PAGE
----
Epigenetic variation in a reptile with temperature-dependent sex determination and inspiring a diverse future for STEM

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Flores, Daniela
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Fredric J. Janzen
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Ecology, Evolution, and Organismal Biology

Vertebrates with temperature-dependent sex determination (TSD), a mechanism that relies on incubation temperature to irreversibly determine the sex of developing embryos, are threatened by ongoing changes in climate and local environmental conditions. Previous studies have suggested that behavioral and molecular plasticity in this system may provide opportunities for these species to adapt to these changes. Although decades of research have uncovered key aspects, a complete molecular mechanism of TSD remains elusive. Epigenetic studies have the potential to unlock crucial information previously cryptic in traditional genetic studies. Recent studies have shown that environmental factors and maternal effects can greatly influence an individual’s epigenome, resulting in altered phenotypes. DNA methylation in particular is well known for its dynamic ability to silence genes, and evidence is accumulating for its role in determining sex in TSD systems.

This thesis examines the presence and effects of epigenetic variation, specifically DNA methylation, in the context of TSD. Using the painted turtle, Chrysemys picta, as a model for TSD, I leveraged a population of painted turtles at a long-term study site to investigate the relationship between DNA methylation and sex in a TSD system. In Chapter 2, I quantified sex-specific genome-wide DNA methylation and its variation in adult turtles. Although I identified high within-sex variation in both sexes, adult female turtles had approximately 1/2 the amount of DNA methylation across their genome as the average adult male, despite otherwise identical genomic structures.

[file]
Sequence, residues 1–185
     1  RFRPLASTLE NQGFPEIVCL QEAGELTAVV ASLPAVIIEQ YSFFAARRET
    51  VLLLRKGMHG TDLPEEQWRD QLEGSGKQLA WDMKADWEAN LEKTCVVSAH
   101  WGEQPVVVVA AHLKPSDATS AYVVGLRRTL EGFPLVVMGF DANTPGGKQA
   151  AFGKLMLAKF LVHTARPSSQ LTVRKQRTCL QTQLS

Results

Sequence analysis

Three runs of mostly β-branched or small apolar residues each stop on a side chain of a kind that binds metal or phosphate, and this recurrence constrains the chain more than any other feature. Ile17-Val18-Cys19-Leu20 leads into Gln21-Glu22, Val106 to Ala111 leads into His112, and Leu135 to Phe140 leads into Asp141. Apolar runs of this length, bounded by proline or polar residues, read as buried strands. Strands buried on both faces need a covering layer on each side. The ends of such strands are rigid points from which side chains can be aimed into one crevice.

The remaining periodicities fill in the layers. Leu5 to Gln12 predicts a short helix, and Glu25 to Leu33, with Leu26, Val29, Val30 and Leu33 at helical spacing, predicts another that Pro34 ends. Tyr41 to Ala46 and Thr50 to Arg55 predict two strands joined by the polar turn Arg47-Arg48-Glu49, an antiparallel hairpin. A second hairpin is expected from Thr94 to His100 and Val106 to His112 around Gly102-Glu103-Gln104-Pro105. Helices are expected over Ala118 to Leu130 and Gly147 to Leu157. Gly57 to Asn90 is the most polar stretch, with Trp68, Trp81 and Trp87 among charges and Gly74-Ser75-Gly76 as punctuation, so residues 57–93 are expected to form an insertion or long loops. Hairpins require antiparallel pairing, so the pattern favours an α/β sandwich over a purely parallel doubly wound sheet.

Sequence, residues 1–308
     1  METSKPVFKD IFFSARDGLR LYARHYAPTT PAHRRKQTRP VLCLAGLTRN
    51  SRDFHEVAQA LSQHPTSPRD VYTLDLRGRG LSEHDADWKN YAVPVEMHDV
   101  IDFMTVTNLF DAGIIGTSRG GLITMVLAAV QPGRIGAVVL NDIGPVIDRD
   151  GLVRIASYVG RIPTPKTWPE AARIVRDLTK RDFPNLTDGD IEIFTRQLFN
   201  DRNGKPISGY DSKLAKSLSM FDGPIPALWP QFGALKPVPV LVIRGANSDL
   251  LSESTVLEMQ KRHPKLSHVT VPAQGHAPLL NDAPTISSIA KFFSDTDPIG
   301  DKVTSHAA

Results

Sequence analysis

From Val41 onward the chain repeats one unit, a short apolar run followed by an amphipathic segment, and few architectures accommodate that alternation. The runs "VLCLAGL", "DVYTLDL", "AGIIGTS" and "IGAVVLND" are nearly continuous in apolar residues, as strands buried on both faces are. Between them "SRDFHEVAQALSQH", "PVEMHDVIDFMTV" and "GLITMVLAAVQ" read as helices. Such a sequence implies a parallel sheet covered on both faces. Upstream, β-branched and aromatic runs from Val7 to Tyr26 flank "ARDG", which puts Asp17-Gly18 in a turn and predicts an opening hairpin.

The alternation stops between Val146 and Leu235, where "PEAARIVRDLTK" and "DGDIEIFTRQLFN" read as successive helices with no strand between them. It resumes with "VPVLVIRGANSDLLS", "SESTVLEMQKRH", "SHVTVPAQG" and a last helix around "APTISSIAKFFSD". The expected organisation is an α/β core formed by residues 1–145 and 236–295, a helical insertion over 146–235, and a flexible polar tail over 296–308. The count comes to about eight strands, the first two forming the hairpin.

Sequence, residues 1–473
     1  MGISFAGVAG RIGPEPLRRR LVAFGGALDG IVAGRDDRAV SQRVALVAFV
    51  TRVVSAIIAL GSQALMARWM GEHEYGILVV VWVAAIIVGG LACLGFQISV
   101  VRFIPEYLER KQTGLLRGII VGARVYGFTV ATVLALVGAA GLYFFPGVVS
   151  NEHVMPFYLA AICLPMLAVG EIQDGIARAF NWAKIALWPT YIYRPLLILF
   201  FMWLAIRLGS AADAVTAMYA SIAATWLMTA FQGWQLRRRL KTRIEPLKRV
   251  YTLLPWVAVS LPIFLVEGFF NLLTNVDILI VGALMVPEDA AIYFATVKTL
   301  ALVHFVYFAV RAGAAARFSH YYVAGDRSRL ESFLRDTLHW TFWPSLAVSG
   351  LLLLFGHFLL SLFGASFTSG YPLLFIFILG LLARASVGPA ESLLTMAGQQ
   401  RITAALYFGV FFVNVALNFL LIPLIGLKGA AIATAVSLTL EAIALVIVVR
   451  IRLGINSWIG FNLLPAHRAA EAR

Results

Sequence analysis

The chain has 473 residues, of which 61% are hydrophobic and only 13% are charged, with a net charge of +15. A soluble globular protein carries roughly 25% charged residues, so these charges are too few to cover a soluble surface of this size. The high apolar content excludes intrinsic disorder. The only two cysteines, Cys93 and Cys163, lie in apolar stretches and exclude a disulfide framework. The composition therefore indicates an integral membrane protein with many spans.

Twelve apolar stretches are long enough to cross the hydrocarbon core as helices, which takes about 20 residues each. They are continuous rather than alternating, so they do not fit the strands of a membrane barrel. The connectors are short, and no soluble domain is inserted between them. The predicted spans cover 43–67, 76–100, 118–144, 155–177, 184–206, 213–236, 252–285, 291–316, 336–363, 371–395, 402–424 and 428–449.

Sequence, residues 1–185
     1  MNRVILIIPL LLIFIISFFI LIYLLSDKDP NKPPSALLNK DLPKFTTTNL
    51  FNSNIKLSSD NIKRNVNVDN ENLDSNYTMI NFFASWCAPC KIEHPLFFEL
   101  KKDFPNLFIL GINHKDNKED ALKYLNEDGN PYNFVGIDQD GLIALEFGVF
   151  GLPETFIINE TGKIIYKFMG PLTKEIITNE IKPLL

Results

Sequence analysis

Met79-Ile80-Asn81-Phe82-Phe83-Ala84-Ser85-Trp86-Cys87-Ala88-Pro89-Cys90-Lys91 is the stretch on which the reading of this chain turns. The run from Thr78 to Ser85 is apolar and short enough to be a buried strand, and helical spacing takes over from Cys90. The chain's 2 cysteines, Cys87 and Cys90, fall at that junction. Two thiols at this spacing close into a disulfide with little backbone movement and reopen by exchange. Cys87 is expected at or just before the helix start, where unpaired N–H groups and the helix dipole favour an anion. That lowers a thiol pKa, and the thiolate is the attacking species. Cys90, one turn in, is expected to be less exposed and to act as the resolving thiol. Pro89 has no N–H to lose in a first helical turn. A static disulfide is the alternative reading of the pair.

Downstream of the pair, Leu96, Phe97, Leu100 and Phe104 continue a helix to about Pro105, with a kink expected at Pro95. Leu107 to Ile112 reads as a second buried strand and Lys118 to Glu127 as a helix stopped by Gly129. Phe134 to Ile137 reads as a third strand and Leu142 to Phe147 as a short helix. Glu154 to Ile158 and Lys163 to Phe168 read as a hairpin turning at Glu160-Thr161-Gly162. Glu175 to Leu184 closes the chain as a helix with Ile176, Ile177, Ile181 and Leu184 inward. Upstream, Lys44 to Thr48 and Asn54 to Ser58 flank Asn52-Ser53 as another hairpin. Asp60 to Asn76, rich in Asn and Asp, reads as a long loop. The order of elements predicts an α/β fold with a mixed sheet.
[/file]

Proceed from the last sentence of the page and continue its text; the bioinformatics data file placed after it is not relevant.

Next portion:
Dispersing knowledge is a critical aspect of scientific research. However, many public communities have less access to this information than others. Thus, many people from such communities pursue alternative career paths. Recruitment of diverse students is a national initiative across STEM fields. This thesis also addresses the issue of underrepresentation of minoritized groups in the sciences. In Chapter 3, I report on leveraging the long-term study site to create an immersive field research program for high school students, called TREE (Turtle Camp Research and Education in Ecology), to expose a diverse set of students to ecology research. I found that students not only improved their knowledge of biology-related topics by participating in this hands-on program, but a majority of the program’s alumni continued to pursue a college degree in a STEM-related field. This successful program demonstrates the importance of outreach, and near-peer mentoring in diversifying the STEM workforce.

Sun Dec 01 00:00:00 UTC 2019